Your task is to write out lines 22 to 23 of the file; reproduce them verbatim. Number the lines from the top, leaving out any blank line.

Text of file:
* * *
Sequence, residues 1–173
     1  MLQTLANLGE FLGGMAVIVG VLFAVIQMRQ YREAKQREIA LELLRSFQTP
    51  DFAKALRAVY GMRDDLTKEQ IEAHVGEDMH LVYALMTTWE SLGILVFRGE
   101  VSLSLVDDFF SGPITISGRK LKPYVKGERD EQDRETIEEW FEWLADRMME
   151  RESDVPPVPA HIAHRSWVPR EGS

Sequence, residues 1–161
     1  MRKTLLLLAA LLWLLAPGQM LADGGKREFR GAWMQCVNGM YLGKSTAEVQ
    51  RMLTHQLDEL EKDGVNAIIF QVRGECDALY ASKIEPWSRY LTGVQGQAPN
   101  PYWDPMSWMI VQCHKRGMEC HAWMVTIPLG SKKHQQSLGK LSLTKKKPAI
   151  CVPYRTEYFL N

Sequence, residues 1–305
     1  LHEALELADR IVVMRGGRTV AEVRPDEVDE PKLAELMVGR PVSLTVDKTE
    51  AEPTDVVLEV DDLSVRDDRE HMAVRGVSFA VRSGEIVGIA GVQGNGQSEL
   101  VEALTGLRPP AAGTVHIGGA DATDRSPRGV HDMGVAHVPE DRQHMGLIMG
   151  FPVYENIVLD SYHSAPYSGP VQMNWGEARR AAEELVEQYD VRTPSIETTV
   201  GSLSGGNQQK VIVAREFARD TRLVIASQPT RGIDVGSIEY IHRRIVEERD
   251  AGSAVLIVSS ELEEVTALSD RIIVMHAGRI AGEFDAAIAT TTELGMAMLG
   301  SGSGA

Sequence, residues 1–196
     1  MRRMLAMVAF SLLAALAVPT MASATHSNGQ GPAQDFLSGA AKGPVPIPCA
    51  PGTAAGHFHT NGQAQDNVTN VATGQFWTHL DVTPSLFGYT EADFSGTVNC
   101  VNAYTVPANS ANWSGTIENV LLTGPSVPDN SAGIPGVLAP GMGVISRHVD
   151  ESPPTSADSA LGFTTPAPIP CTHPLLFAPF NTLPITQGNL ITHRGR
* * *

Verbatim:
   101  VNAYTVPANS ANWSGTIENV LLTGPSVPDN SAGIPGVLAP GMGVISRHVD
   151  ESPPTSADSA LGFTTPAPIP CTHPLLFAPF NTLPITQGNL ITHRGR